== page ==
43. Major Concepts of the Ecosystems Perspective (Germain & Gitterman, 1995) • Reciprocal Exchanges: transactions between the person and his/her environment; these transactions shape and influence each other over time • Life Stress: positive or negative person-environment relationship • Coping: special adaptations that are made in a response to stress. • Habitat: where a person or family lives • Niche: the result of one’s accommodation to the environment; refers to the status that is occupied by a member of the community • Relatedness: based on attachment theory; refers to emotional closeness or isolation • Adaptations: changing the environment to allow for meeting the physical and psychological needs of an individual or family

  44. Family Systems View: Key Assumptions • Wholeness: change in one part of system will cause change in other parts • Feedback: families are regulated by feedback loops or inputs from family members • Equifinality: the same result may be reached from different beginnings • Circular Causality: systems are constantly modified by recursive circular feedback from multiple sources within and outside of the system.

  45. Social Constructionist Metatheory • Relativism regarding all meanings; there is no “reality”;meanings are constructed by participants • Emphasis is on meanings rather than actions; from expertise to collaboration; from diagnosis to problems to mutual creation of solutions • Nonhierarchical relationships in family are OK.

  46. Partnering with Families and Communities • Difference between professional learning community and school learning community. • Professional learning community emphasizes the teamwork of principals, teachers, staff, (or agency director, counselors, staff) to improve curriculum and instruction, assess student progress and increase effectiveness. • School learning community includes educators, students, parents, and community partners (stakeholders) who work together to improve the school and enhance students’ learning opportunities.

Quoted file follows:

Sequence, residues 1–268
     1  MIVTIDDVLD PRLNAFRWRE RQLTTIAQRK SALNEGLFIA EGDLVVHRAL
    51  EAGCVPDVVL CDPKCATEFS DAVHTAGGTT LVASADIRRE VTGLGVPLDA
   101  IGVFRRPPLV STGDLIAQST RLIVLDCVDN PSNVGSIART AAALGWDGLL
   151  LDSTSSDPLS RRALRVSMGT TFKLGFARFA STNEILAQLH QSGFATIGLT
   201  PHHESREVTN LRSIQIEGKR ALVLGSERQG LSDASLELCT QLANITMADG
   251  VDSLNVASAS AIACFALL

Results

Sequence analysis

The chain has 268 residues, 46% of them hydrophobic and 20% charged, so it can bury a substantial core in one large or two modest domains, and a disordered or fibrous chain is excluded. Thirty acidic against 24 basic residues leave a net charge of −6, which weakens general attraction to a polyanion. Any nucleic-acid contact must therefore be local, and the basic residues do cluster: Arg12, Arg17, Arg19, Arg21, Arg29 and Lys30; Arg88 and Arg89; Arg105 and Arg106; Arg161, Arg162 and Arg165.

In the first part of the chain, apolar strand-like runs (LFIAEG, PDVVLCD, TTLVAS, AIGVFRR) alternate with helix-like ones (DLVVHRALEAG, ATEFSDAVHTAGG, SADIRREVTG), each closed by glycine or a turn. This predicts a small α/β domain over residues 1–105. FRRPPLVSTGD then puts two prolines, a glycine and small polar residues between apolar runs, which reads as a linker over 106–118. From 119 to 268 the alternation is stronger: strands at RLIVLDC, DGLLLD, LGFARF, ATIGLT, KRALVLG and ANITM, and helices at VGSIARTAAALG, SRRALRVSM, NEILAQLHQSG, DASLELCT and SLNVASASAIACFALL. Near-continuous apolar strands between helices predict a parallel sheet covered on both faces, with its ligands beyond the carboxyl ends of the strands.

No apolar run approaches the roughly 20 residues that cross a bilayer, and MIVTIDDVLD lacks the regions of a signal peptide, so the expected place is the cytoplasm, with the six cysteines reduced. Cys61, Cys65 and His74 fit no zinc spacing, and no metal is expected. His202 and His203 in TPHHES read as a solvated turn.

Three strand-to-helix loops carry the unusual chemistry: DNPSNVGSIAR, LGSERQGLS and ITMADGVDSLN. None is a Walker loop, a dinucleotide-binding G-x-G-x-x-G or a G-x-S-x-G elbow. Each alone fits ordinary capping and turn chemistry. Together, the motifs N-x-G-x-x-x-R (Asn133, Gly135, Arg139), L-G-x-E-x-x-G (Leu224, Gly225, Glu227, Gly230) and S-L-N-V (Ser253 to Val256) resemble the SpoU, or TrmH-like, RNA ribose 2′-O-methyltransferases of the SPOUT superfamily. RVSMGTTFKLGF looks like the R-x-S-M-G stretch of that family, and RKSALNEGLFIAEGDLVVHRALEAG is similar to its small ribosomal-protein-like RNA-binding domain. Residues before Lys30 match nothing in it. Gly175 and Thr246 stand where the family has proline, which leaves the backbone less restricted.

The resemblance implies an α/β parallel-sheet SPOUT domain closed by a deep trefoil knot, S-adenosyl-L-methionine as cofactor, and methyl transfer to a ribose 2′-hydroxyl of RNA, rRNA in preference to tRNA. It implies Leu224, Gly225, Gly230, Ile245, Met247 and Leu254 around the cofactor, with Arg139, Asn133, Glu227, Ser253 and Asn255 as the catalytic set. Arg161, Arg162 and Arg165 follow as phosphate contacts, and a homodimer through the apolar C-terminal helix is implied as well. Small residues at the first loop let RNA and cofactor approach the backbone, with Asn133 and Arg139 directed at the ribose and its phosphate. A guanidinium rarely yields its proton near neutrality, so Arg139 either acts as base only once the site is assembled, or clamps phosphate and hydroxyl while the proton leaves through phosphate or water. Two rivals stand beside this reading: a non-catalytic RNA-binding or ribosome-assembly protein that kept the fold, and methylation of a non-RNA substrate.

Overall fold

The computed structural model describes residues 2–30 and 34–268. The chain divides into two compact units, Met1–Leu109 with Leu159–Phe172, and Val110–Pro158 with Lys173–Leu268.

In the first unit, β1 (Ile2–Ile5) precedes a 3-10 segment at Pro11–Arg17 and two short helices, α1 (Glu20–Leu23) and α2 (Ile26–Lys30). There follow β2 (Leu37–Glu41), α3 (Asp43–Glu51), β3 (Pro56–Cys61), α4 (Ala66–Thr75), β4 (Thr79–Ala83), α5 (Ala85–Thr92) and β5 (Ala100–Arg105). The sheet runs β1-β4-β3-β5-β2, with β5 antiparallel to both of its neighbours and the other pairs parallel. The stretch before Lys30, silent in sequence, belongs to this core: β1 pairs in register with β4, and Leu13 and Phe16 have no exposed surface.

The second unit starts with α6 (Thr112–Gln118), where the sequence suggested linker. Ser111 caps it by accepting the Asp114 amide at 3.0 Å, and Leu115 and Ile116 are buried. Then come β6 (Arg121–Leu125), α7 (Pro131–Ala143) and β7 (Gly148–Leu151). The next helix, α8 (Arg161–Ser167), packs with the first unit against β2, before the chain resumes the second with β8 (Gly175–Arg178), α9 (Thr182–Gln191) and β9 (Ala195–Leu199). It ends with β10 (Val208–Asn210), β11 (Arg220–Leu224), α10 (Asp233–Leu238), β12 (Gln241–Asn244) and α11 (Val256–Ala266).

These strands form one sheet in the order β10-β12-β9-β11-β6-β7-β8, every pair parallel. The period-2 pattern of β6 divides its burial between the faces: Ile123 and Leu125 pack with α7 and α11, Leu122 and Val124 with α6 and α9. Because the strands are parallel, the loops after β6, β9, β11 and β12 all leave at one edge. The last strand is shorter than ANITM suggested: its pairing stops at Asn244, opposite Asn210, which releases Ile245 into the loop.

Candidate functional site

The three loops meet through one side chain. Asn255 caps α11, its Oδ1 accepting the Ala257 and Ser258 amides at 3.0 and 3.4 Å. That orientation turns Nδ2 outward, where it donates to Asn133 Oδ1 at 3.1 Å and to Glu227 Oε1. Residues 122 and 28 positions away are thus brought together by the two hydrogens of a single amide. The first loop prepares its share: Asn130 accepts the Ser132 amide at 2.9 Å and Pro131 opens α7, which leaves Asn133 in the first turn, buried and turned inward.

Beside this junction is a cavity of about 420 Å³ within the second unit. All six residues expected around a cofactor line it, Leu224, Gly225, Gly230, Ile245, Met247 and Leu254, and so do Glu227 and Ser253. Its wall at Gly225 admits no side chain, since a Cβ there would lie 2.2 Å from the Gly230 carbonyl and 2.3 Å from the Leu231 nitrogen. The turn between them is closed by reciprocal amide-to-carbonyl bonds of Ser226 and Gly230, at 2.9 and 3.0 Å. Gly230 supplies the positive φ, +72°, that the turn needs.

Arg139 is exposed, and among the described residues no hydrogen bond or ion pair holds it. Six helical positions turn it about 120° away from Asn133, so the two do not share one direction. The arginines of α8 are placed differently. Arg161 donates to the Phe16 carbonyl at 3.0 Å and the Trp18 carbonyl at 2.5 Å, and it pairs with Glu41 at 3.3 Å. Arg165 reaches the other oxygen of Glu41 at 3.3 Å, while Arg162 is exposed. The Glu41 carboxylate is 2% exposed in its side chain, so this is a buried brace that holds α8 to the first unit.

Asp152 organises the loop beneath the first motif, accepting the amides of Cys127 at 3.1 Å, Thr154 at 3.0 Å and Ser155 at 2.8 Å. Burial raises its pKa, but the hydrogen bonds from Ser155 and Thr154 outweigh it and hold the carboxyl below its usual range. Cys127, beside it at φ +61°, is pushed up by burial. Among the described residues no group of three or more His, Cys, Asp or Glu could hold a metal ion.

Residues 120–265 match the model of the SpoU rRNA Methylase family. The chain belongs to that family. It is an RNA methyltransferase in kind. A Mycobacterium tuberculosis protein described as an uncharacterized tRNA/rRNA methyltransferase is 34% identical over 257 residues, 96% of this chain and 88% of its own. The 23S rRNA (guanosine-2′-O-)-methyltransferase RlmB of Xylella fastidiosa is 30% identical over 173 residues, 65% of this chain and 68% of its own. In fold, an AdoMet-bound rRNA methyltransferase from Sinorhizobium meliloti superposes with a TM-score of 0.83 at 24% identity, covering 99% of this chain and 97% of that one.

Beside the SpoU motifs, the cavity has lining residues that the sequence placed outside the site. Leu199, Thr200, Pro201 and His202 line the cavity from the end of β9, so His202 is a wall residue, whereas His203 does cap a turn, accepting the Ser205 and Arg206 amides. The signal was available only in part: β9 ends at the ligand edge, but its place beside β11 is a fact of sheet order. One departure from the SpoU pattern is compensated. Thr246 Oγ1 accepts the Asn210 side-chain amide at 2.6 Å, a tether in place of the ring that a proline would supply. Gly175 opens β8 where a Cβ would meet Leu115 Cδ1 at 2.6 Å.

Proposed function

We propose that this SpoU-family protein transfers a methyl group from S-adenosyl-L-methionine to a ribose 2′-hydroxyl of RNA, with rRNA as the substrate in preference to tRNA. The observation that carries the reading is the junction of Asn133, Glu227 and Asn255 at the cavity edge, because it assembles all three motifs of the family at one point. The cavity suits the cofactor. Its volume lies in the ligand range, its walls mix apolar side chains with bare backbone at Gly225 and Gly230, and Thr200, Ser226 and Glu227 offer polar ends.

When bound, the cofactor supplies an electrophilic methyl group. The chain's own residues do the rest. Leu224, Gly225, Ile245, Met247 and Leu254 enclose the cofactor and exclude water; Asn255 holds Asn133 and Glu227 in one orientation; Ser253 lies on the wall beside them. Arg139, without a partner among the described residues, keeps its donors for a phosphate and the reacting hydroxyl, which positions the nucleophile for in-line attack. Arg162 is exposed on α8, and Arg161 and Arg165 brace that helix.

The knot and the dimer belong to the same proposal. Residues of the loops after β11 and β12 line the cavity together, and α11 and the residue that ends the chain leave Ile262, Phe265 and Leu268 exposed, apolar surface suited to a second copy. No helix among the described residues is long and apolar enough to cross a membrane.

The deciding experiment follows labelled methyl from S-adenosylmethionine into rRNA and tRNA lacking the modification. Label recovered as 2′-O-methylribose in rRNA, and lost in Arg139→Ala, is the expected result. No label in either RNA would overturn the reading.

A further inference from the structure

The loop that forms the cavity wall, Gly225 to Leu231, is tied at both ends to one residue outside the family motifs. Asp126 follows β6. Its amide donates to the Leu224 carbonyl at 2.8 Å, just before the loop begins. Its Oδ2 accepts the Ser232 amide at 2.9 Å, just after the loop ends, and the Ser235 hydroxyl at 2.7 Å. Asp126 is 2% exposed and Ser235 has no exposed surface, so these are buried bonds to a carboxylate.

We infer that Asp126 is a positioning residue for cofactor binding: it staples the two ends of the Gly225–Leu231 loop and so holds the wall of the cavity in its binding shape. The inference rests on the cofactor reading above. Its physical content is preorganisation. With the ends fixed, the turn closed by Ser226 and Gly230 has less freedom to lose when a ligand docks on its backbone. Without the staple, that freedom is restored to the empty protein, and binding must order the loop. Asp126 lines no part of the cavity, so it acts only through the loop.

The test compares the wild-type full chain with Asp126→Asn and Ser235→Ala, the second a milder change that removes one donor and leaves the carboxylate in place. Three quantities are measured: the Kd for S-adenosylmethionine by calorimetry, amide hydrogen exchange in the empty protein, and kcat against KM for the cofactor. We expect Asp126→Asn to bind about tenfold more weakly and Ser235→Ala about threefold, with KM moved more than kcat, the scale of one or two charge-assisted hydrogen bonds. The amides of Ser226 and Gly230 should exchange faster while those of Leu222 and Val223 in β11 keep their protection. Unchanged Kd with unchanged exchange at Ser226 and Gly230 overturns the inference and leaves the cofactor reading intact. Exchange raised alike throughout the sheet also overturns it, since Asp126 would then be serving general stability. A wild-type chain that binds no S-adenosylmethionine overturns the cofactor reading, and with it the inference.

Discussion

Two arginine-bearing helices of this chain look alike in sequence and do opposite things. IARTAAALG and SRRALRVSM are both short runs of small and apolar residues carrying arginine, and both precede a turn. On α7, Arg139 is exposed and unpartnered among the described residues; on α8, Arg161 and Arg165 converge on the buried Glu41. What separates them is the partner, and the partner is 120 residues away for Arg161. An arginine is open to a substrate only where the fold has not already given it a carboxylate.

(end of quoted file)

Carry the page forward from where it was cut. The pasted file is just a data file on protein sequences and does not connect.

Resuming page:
47. Partnering with Families and Communities • One component of a school learning community is an organized program of school, family, and community partnerships with activities linked to school goals. These programs, research shows, increase student achievement, strengthen families, invigorate community support, and improve schools.

  48. Six Types of Involvement • Parenting • Communicating • Volunteering • Learning at Home • Decision Making • Collaborating with the Community

  49. Action Teams • Create an Action Team • Obtain funding and other support • Identify starting points • Develop 3 year outline and a one year action plan • Continue planning and working